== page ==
Thursday, July 30, 2015


The attic, as in Athens, was designed to dry things. In an experimental fusion of Athenian and Damascene practice, I’ve been drying laundry on the floor. Damascus housekeepers used to lay wet clothes flat on the flat roofs of their traditional multi-family haveli. Like a beloved sweater, any textile dried flat looks its best when put to use again. Flat drying lets fibers relax.

The current hot spell suggests the thermal realities of a middle Eastern summer, and I find that dropping wet laundry onto a tufted rug is the easiest drying drill I have tried in any season. Wet clothes come out of the spin cycle to be flapped straight, folded into four layers, and toted upstairs. By the time I gain the summit, it’s like walking into a sauna. Simply dealing a folded garment off the stack on one arm is enough to produce a good looking finished piece in, sometimes, minutes. I pick up the folded pieces and deal them to their home positions. That’s all there is to it.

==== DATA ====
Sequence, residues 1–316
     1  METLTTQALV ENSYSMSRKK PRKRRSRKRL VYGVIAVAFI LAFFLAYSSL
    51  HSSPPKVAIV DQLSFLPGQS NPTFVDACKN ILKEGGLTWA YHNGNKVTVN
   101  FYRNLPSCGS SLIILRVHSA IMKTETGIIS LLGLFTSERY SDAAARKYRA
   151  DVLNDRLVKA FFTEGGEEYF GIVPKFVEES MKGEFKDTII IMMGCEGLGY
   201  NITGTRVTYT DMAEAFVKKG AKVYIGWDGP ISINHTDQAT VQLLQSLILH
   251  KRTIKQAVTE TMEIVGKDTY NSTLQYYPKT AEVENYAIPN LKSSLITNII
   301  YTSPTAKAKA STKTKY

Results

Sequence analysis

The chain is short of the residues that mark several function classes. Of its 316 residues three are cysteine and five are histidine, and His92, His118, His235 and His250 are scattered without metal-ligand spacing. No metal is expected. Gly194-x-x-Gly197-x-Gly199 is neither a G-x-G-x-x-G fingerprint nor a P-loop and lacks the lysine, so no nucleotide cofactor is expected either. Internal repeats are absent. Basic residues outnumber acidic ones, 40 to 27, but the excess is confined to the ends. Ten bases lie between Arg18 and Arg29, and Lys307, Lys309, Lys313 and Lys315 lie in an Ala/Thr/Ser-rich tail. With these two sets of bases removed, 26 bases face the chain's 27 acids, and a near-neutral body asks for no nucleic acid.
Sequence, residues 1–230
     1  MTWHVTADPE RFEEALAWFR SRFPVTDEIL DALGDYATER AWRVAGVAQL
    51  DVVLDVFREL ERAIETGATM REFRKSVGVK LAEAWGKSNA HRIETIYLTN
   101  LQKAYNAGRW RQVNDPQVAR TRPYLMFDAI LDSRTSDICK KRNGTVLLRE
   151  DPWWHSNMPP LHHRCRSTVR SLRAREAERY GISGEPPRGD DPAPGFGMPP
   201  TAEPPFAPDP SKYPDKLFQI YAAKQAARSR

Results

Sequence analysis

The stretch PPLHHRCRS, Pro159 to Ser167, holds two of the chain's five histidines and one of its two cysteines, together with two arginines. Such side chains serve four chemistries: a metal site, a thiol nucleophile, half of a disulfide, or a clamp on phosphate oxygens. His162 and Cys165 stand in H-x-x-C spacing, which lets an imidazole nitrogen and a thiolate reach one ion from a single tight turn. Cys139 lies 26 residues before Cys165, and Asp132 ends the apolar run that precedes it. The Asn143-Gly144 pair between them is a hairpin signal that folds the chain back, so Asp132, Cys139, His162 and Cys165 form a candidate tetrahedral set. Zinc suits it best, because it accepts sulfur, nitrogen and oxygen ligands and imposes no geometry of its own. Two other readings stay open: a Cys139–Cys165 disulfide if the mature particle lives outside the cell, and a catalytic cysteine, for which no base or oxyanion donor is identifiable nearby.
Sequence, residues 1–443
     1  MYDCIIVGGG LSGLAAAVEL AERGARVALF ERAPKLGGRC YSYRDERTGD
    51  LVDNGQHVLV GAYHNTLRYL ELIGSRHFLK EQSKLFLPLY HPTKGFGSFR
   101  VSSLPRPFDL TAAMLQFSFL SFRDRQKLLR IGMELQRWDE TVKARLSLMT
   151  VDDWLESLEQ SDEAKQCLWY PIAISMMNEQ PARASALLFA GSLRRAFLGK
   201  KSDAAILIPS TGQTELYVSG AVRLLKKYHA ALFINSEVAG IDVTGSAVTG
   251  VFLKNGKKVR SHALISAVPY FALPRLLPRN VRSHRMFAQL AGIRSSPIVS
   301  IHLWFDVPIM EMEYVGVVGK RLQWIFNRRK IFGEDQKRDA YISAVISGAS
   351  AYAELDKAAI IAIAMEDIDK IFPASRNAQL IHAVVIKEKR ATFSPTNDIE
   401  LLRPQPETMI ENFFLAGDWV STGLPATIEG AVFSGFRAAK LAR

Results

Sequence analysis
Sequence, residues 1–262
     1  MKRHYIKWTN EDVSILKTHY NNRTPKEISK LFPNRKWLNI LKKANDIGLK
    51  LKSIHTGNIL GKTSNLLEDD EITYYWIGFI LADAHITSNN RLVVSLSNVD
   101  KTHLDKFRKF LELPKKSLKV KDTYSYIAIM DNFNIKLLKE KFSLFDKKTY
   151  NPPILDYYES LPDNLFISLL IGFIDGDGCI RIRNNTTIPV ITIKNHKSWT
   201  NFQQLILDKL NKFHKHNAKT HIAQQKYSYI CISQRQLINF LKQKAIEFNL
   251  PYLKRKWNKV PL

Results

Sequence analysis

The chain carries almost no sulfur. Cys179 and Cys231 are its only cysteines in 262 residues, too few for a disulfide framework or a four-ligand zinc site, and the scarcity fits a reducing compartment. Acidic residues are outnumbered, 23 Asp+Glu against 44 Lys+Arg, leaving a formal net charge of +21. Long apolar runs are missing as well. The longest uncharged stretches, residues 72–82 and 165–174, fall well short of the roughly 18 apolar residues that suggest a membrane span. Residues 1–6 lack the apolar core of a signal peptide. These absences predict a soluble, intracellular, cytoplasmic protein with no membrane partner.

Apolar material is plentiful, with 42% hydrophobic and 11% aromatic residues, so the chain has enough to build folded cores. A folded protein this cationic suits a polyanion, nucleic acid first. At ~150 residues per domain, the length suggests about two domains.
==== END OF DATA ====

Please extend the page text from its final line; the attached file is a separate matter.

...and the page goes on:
See Tim Beddows’ book about Damascus for further details.


No comments:

Post a Comment